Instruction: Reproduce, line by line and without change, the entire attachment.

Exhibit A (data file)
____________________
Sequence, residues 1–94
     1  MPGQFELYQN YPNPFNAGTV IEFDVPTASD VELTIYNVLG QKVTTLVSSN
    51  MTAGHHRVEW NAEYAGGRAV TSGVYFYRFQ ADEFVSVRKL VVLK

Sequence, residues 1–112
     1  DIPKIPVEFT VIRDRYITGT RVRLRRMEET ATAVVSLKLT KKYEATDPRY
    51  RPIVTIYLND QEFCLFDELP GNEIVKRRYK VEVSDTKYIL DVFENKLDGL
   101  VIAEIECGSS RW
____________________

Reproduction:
Sequence, residues 1–94
     1  MPGQFELYQN YPNPFNAGTV IEFDVPTASD VELTIYNVLG QKVTTLVSSN
    51  MTAGHHRVEW NAEYAGGRAV TSGVYFYRFQ ADEFVSVRKL VVLK

Sequence, residues 1–112
     1  DIPKIPVEFT VIRDRYITGT RVRLRRMEET ATAVVSLKLT KKYEATDPRY
    51  RPIVTIYLND QEFCLFDELP GNEIVKRRYK VEVSDTKYIL DVFENKLDGL
   101  VIAEIECGSS RW